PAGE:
See, that wasn't so hard! And even if we're unable to get our legislative act together and pass a climate bill before the next round of international negotiations in Copenhagen next December, the very fact that such an authority exists in the bill would give the world China and India solid evidence that we're bargaining in good faith for a change. Why, that's positively cheery. For a change.

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February 3, 2009

Help Chuck!

As I surmised might happen in a comment I made to a post by Tom Philpott at Grist on ag reform, "Sustainable Dozen" member Chuck Hassebrook, Tom Vilsack's choice for Deputy Secretary, is having trouble getting through the Senate Ag Committee. North Dakota's Kent Conrad is trying to kill Hassebrook's nomination before it's even officially announced. Nick Kristof has the details here (h/t Jill Richardson).

Remember that in the Senate a single senator wields enormous power and can put a stop to any bill or nomination if he or she so chooses. With everyone's attention on the stimulus package, this is the perfect time for a little backroom backstabbing. The current members (and their states) of the Senate Ag Committee appear below. Everyone should call, but if you live in one of the listed states, please do call your Senator now - your voices matter. Pennsylvanians, that means YOU!



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Anyone else notice this line buried in the Senate stimulus bill summary?
$3.1 billion for investments in rail transportation, including High Speed Rail
I wonder what that's all about.

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February 2, 2009

Hot Hot Heat Down Under

While we in the Mid-Atlantic experience actual winter for the first time in a while (and today being a sunny Candlemas, we can expect another six weeks of it), Australia bakes (h/t Wonk Room):

Leaves are falling off trees in the height of summer, railway tracks are buckling, and people are retiring to their beds with deep-frozen hot-water bottles, as much of Australia swelters in its worst-ever heatwave.

On Friday, Melbourne thermometers topped 43C (109.4F) on a third successive day for the first time on record, while even normally mild Tasmania suffered its second-hottest day in a row, as temperatures reached 42.2C (108F). Two days before, Adelaide hit a staggering 45.6C (114F). After a weekend respite, more records are expected to be broken this week.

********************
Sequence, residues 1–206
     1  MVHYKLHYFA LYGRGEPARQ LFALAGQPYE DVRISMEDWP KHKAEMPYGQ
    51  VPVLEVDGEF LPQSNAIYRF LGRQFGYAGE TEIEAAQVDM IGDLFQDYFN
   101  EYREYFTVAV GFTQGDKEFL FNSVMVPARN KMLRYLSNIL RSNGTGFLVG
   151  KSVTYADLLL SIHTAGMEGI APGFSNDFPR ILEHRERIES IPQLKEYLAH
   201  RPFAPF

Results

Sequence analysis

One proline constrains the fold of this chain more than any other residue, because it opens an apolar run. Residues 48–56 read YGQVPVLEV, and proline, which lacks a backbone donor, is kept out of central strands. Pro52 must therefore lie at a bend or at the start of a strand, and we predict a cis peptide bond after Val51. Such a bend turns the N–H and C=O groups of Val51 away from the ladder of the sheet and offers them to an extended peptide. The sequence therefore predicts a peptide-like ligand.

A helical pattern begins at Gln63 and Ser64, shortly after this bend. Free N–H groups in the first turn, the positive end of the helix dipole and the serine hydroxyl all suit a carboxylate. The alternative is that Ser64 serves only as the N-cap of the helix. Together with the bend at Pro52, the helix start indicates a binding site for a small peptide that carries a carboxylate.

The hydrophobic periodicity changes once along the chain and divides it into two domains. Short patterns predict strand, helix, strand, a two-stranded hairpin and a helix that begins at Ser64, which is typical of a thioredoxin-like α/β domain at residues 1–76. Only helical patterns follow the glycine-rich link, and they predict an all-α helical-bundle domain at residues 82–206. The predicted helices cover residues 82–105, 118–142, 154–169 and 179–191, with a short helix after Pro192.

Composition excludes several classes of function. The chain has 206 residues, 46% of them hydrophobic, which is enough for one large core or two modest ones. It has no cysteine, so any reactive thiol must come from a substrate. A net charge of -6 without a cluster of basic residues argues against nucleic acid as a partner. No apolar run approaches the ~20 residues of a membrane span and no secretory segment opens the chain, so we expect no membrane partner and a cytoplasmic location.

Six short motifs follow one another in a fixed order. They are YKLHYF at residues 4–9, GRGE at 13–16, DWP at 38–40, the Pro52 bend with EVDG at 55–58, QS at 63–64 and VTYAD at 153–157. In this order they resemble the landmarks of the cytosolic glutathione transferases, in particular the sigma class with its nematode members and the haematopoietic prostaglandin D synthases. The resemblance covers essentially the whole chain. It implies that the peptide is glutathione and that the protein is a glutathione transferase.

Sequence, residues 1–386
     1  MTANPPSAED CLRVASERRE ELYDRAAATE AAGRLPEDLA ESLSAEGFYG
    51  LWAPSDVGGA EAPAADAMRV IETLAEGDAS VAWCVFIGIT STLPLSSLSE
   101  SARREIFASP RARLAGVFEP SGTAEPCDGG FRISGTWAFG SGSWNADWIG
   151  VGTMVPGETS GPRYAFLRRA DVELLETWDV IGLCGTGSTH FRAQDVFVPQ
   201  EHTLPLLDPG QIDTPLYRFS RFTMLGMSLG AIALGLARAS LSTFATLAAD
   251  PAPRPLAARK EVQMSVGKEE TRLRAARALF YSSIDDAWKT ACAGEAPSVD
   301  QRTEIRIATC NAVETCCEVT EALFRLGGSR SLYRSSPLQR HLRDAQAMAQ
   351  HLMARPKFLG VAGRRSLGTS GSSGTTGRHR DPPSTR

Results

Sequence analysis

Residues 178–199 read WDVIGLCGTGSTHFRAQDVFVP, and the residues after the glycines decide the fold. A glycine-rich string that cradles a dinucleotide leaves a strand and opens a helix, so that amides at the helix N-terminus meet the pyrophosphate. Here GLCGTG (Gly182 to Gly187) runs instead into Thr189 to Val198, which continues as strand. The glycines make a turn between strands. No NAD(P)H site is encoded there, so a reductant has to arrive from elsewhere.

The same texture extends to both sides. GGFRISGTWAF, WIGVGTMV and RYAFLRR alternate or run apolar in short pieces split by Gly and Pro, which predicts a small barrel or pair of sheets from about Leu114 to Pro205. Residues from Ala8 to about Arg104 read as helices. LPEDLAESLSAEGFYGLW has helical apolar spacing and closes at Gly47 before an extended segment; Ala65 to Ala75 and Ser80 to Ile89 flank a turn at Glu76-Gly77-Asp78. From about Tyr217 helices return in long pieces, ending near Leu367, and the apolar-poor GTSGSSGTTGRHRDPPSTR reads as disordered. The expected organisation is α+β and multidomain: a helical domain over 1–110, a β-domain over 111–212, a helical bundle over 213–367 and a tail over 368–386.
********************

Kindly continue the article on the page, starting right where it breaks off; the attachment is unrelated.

Average summer temps Down Under are warm, but far lower than what they're seeing now - 79F for Melbourne and 82F for Adelaide (which makes it typically a much cooler summer than we get here in Philly). So 109F counts as unusual.

Thankfully, they're in line for a break in the heat. But they've been having a bit of a bad run down there. With all the talk of a goodly amount of warming now baked into the climate (and with all the deniers' claptrap about adaptation), it's worth noting what this brief run of 100+ degree temps did (via The Independent):
Chaos ruled in Melbourne on Friday after an electricity substation exploded, shutting down the city's entire train service, trapping people in lifts, and blocking roads as traffic lights failed. Half a million homes and businesses were blacked out, and patients were turned away from hospitals.
First the kangaroos, and now this. Throw in a 12 year long drought and coastal populations that are threatened by rising seas and you've got trouble with a capital "T." With water supplies continuing to shrink there's already talk of the collapse of Australian agriculture. At least in the media, the continent has the dubious distinction of being considered a candidate for "the first [country] to implode under the impact of climate change." The ultimate booby prize, no?

Photo by suburbanbloke used under a CC license